Wednesday, 29 December 2010

Total Reward – What should be considered before addressing the issue

When dealing with reward issues it should be invariably taken heed of the circumstance that in his two-factor model Frederick Herzberg (1957) considered pay, or in general recognition achieved by means of financial rewards, as a “maintenance” or “hygiene” factor.
The use of the term “hygiene” is not arbitrary, it has indeed a medical correlation; hygiene factors are those elements related to a job which whether removed or improved do not produce a healthier state, but just help prevent illness. This type of factors is thus more likely to prevent deterioration and maintain the status quo, rather than lead to effective improvements.

According to the findings of the thorough and still incredibly relevant to modern times study conducted by Herzberg, hygiene factors are dissatisfiers, that is, factors which can contribute to reduce and in some cases eliminate dissatisfaction, but unable to increase employee satisfaction. By means of these individuals reach a “neutral point”, somewhat of an in the middle stage, between satisfaction and dissatisfaction.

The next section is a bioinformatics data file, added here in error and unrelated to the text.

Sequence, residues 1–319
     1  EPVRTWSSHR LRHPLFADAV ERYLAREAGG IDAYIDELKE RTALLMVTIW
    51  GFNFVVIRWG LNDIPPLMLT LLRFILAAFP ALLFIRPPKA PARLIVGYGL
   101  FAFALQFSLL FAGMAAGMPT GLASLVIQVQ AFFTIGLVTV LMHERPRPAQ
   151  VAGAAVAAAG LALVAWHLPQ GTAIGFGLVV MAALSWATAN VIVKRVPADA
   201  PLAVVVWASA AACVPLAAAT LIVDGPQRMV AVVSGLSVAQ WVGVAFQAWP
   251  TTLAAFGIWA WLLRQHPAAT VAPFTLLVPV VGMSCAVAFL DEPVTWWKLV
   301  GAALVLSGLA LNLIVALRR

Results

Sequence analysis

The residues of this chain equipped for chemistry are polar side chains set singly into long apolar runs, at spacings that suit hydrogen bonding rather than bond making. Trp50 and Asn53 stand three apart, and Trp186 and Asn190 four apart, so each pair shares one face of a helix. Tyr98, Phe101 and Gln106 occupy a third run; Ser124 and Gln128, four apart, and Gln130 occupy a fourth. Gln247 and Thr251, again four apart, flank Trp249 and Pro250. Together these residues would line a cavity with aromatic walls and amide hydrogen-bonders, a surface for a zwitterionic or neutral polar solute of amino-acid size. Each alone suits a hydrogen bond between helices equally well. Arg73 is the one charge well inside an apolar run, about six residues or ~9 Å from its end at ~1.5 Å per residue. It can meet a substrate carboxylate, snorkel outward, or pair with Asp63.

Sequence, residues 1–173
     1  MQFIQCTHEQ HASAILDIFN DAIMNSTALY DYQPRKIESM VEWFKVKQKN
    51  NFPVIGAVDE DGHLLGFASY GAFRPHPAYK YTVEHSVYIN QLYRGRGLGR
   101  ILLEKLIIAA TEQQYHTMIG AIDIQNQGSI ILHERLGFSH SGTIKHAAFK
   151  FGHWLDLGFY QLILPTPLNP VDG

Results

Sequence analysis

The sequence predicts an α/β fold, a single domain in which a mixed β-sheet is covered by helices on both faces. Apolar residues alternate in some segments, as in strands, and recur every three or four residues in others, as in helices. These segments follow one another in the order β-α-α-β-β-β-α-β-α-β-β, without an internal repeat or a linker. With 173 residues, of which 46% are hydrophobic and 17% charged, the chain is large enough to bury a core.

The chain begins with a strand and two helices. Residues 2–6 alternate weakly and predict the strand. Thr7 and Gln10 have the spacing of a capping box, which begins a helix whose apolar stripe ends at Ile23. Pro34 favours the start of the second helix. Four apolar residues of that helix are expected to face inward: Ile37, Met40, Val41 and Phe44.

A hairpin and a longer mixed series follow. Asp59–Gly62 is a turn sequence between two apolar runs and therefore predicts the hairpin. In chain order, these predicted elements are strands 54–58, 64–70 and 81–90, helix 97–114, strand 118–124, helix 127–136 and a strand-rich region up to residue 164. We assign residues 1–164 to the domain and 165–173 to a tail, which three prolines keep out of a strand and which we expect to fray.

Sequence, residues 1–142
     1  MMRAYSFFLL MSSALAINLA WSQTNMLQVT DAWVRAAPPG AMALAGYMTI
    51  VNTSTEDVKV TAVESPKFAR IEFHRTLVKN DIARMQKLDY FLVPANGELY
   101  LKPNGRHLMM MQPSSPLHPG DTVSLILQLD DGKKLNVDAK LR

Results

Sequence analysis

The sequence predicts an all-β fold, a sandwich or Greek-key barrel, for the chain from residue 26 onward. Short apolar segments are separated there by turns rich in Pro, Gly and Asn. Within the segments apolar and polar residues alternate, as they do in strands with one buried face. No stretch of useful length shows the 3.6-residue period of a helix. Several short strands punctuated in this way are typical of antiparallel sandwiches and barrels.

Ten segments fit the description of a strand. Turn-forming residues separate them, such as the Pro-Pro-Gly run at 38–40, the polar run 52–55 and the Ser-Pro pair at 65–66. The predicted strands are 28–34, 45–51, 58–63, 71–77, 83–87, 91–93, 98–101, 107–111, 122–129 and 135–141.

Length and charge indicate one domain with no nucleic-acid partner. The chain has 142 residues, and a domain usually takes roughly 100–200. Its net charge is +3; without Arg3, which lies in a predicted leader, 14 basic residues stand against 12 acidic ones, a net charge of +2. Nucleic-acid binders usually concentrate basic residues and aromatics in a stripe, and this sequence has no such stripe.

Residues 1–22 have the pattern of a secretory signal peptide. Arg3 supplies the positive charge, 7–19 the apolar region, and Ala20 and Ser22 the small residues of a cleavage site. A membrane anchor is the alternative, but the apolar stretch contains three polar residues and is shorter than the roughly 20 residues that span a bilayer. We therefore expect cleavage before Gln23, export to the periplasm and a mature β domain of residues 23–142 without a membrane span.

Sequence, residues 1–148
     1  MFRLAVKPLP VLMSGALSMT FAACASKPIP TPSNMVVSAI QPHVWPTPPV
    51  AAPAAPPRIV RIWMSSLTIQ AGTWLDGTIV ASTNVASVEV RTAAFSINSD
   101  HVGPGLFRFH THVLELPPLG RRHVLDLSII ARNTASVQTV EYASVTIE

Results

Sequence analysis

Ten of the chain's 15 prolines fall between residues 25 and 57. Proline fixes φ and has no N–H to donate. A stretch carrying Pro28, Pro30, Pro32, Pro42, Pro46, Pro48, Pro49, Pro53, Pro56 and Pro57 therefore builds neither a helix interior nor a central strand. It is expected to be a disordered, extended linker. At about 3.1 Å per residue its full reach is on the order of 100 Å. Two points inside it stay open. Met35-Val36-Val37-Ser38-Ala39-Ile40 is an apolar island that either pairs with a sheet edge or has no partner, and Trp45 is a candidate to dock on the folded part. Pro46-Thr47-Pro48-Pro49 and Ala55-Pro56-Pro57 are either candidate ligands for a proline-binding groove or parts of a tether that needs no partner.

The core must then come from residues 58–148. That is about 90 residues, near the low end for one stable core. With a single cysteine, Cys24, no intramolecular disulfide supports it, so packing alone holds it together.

Herzberg’s investigation showed that even when pay was positively mentioned by employees it was always linked to achievement, success, growth and a job well done and not simply as cash per se. Herzberg’s study and other investigations conducted by different Authors at different times show that salary increases have motivational effects lasting just for approximately a three-week-period time. Notwithstanding, Herzberg by reason of the counterproductive effects these can produce on individual motivation did not consider financial rewards unimportant.

Whether pay and financial rewards in general should be used as the only levers to induce individual motivation and favour organizational growth, nonetheless, employers would be forced to constantly increase employee pay in order to sustain their motivation. After a while, irrespective of the circumstance it may be a matter of three weeks, three months or a year in that the length of this period of time can vary according to the different circumstances, employees would take for granted that whether the employer wants to keep their motivation alive this has to further increase the worth of its value proposition. To attain the objective, the amount of salaries, bonuses, golden handcuffs and any type of cash supplement would be made increasingly appetising and larger in value; a real bottomless pit and a move which would definitely prompt the employer to sooner or later call in the receivers.